There’s water all around us. It not only makes up the majority of our planet, but also most of our bodies.

So, have you ever stopped to think about where it came from?

Like…the chicken or the egg? The rain or the water?

And what about all of that salty stuff in the ocean?

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To understand how it all happened, we have to go all the way back to the big bang, when protons, neutrons, and electrons swarmed in 10 billion degree heat.

Hydrogen and helium (and some lithium) took shape in a process called nucleosynthesis, and much later, after those lighter elements underwent fusion inside of stars and during supernovas, they sent waves of heavier elements – like oxygen – out into space.

Now we had hydrogen and oxygen molecules. But that’s not going to automatically turn into water. No, they needed a spark of energy.

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The result is water but the process is violent, which is why no scientists have ever been able to replicate it.

In truth, we’re not totally sure how all of this water got here, but there are several proposals. One is that, 4 billion or so years ago, millions of asteroids and comets hit the planet’s surface. What hit, though, weren’t normal rocks but sort of cosmic sponges that released water on impact.

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Researchers from the California Institute of Technology aren’t buying it, though, because water that we’ve found in comets since have contained mostly heavy water, which is not what we have in the oceans.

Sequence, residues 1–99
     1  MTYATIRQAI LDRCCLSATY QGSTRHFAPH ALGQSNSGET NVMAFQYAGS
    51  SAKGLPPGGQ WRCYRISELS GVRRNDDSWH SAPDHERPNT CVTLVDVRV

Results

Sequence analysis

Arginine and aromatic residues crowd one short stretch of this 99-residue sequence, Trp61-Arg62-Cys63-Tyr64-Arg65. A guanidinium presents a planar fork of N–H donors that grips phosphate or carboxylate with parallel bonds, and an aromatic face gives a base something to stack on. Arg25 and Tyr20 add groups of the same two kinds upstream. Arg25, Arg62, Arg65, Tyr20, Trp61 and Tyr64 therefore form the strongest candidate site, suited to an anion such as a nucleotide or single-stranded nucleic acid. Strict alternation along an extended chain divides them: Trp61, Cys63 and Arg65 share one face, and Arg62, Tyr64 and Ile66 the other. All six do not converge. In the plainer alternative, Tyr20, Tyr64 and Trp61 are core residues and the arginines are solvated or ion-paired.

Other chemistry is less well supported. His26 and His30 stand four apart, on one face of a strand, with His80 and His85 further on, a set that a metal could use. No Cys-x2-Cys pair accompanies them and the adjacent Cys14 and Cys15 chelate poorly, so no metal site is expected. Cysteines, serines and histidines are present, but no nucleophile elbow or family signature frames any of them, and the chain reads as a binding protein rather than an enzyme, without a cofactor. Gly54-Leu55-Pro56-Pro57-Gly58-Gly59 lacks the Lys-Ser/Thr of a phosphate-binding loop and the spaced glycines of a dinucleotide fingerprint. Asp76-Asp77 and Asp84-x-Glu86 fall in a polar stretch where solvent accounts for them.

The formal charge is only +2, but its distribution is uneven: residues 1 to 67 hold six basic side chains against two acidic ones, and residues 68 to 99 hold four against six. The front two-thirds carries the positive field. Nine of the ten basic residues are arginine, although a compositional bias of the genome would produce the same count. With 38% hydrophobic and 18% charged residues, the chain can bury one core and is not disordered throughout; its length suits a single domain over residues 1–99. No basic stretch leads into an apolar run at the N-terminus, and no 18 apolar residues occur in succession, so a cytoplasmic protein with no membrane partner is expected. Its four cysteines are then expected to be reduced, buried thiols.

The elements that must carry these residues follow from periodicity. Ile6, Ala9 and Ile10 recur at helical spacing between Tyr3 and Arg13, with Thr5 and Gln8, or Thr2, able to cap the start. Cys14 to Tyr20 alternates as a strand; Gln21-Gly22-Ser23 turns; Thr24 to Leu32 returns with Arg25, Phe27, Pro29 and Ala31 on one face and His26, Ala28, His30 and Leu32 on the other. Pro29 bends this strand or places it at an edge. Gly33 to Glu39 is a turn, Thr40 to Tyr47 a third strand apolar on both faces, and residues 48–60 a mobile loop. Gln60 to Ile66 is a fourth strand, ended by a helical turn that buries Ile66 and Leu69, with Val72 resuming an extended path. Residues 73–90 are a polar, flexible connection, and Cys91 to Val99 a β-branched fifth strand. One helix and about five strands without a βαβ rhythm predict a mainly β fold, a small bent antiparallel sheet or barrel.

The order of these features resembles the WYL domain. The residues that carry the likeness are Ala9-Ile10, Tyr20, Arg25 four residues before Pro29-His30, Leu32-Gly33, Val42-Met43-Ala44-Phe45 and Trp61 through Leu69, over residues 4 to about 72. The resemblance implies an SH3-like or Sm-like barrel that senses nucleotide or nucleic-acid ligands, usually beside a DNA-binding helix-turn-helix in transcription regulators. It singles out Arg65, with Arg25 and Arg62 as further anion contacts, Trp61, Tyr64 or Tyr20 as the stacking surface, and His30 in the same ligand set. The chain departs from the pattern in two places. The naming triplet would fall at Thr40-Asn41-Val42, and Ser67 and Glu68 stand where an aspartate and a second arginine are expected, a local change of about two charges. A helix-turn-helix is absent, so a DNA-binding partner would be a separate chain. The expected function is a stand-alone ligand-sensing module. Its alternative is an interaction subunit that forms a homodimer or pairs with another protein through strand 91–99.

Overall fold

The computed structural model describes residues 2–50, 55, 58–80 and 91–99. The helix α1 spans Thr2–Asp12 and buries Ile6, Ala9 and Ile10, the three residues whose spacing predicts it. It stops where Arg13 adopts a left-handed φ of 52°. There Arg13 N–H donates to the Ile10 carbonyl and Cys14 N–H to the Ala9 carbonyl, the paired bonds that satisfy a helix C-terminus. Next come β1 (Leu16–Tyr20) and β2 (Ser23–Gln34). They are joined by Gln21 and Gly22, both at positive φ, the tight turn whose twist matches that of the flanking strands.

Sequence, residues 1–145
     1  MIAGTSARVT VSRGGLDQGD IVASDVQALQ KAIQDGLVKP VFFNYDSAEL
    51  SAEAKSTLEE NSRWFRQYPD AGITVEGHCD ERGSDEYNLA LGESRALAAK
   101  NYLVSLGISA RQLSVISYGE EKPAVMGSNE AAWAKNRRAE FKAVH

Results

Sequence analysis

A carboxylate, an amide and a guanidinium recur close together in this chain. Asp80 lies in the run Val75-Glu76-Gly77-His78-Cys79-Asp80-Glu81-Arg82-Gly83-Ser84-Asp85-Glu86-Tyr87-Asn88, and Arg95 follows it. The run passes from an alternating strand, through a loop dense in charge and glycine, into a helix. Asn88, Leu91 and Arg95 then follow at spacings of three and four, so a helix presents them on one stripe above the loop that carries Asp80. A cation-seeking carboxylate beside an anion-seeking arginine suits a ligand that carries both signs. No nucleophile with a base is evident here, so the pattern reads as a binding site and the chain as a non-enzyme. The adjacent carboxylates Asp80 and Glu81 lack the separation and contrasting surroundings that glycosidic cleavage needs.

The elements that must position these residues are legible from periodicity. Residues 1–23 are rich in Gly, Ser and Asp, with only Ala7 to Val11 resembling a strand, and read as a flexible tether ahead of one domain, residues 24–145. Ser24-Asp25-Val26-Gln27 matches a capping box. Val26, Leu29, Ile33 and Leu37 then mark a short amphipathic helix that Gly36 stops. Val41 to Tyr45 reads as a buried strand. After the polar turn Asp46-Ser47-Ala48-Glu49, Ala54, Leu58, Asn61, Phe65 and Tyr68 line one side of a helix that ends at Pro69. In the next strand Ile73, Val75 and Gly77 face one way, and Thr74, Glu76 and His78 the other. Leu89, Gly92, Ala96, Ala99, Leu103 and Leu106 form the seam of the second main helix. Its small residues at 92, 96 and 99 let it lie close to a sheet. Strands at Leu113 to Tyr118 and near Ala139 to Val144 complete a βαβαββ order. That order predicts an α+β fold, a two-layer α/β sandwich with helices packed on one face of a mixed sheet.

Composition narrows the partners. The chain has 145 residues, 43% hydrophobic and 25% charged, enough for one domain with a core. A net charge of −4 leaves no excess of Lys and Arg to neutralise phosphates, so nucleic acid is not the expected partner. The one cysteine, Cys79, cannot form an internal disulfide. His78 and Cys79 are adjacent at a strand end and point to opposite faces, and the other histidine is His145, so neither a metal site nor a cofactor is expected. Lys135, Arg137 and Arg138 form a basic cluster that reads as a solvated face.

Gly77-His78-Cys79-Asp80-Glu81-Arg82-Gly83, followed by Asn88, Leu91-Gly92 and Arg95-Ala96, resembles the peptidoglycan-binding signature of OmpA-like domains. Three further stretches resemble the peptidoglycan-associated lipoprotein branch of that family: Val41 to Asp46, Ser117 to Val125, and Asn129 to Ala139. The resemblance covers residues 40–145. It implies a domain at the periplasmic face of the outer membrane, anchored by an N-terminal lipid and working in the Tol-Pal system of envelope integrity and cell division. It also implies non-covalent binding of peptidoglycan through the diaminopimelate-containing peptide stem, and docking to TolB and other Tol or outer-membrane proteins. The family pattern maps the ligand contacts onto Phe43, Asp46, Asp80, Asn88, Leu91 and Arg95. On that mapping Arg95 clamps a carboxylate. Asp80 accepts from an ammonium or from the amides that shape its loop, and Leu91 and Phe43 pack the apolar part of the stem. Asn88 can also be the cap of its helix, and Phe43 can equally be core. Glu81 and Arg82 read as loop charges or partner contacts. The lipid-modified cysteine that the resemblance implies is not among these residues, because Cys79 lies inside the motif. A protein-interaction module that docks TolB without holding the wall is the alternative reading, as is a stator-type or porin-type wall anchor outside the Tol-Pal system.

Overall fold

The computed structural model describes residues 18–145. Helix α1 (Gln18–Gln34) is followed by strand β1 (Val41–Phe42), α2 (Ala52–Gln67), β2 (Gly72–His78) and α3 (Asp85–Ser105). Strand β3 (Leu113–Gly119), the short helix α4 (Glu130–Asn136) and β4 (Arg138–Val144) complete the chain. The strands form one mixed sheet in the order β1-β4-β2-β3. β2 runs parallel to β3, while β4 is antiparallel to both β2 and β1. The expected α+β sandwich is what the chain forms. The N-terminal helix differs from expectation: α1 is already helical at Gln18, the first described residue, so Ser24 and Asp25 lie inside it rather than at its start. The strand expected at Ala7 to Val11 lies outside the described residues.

Another theory is that a comet might have come close to Earth in the way back, venting an “ocean-like” water vapor into space.

They witnessed something similar in December of 2018, using the Stratospheric Observatory for Infrared Astronomy and a converted 747.

They spotted a “hyperactive comet” that contained a combination of deuterium and hydrogen found in the Earth’s oceans, and deduced this could have been what caused the to form in the first place.

A third theory is that Earth was bombarded by oxygen and other heavy elements that were produced within the sun. When the oxygen combined with hydrogen and other gases released from Earth, the oceans and atmosphere were formed.

Another theory, out of Japan’s Tokyo Institute of Technology, states that a thick layer of hydrogen may have once covered Earth’s surface, eventually interacting with the oxides in the crust to form our planet’s oceans.

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If you ask the computer simulations, they say water could have developed inside the Earth’s mantle and escaped via earthquakes, etc.

So like I said, it’s hard to say.

We’re all incredibly thankful to be alive, though, which we wouldn’t be if water had never made its way here at all.